Special thanks to Rob DeBoer of Four80East for this great post: What’s in a name? Embrace the hyphen.
You know, when I first got into smooth jazz at 15, I had no idea that the term “smooth jazz” was considered to be almost a dirty word, as far as genres of music are concerned. I still hear everything from, “it’s elevator music” to “who would want to listen to some guy on the sax wailing away?” and as far as misconceptions are concerned, there’s plenty.
In conversation with a client/friend of mine, who is a celebrated vocalist – and not just within the jazz world, far as that – and while on this very topic, I found myself saying, “It’s not smooth – you have your bossa nova influences, your rock fusion, your traditional, your New Age-influenced, your pop and R&B. What part of this constitutes ‘smooth’?”
This is what we call a Eureka moment. I had one right there.
The genre that had its name effectively become a sneer has the mother of all misnomers for its name. Smooth jazz is not “smooth”. For every variant of Kenny G, you find five horn players whose style is anything but baby-making soundtrack (pardon the expression, but it’s a pretty suitable description for the mis-perception). – I mean, hell, look at Boney James and Euge Groove, both heavily R&B’d. For every track that does make a person want to vomit with sappiness, there’s no less than twenty that sound absolutely nothing like you’d expect them to sound (Four80East, Down to the Bone, Spyro Gyra). There’s entirely, entirely too much variety in the genre to call it “smooth” or to just compartmentalize it into a comfortable box. FCC has been trying to shoehorn it into a box and pack it away, as evidenced by the reformats of multiple radio stations, but instead we have a slew of online radio stations, and Watercolors on Sirius XM. And none of those radio stations play only “smooth” jazz. The variety is there, and with the ventures of new faces onto the scene all the time, it’s still improving.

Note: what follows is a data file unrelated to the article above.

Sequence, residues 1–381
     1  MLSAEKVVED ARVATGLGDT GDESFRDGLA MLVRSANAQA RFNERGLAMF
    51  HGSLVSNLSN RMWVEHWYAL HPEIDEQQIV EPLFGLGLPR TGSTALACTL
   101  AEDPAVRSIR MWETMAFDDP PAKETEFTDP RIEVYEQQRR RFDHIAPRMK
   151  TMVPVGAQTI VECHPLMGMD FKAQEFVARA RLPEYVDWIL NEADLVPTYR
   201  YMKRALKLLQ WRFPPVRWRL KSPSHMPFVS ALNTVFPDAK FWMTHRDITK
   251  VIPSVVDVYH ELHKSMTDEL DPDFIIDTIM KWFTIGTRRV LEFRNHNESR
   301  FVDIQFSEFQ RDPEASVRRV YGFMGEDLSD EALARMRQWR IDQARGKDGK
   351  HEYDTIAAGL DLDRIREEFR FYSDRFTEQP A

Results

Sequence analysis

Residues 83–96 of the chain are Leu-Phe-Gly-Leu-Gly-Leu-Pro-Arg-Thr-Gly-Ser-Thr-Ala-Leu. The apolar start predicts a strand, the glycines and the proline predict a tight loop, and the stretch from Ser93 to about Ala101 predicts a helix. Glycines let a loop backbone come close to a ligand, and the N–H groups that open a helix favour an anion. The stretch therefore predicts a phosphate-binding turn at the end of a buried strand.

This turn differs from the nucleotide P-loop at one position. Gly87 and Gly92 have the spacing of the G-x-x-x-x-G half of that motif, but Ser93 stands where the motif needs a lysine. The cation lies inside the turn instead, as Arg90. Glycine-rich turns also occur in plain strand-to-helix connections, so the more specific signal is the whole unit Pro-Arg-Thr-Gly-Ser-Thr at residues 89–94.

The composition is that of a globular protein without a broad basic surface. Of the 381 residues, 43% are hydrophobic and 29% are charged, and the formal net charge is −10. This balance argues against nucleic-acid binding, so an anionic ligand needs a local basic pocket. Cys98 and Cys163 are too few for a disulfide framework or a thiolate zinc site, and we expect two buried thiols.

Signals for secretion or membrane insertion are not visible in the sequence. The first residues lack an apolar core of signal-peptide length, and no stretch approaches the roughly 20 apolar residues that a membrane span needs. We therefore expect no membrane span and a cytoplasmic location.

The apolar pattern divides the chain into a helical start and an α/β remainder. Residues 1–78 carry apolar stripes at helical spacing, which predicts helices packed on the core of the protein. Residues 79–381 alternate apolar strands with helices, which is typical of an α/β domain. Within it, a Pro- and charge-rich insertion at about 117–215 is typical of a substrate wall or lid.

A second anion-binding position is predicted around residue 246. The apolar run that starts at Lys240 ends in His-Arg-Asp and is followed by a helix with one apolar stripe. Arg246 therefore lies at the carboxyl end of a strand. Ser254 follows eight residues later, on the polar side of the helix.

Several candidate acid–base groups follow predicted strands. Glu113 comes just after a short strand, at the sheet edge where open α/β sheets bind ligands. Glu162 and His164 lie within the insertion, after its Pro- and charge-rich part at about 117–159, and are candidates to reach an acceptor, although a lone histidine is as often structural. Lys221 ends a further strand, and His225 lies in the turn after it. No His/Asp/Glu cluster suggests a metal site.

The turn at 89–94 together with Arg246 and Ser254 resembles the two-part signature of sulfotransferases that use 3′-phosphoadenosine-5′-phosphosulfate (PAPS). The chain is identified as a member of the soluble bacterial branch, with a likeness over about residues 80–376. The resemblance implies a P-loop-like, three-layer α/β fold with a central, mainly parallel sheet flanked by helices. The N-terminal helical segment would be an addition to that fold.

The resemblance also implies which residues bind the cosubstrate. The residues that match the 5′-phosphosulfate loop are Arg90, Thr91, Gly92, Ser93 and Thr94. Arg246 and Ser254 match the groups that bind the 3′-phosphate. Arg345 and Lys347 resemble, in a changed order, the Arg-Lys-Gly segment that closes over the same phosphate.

So what’s in a name?
Honestly, the only thing that’s in a name is perception, and it has been shown, time and again, with every new release that an artist puts out, that the perception is erroneous.
What one person calls this genre is up to the person, because there’s no two perceptions that are exactly alike. Smooth jazz is so much more than just smooth, and how about we just call it what it is: great music. It’s original, it’s not remanufactured, it’s not created via a “reality” show – it’s just music, and it’s great. And, for whatever reasons you can muster up, there’s not much exposure for it. Let’s just keep its name at great music, whatever the “hyphen-jazz” genre it may be dubbed as in the presses.
ETA: A great read by Shannon West of SmoothViews on this subject: http://www.smoothviews.com/archives/perspectives/perspectivesMar10.htm